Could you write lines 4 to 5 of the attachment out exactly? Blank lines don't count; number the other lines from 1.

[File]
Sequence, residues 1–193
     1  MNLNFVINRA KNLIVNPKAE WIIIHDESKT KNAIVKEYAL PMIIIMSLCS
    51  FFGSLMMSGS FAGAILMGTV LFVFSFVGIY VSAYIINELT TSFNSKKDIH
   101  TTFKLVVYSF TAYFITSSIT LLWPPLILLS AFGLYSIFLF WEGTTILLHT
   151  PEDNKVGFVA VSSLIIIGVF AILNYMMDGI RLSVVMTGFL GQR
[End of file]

   101  TTFKLVVYSF TAYFITSSIT LLWPPLILLS AFGLYSIFLF WEGTTILLHT
   151  PEDNKVGFVA VSSLIIIGVF AILNYMMDGI RLSVVMTGFL GQR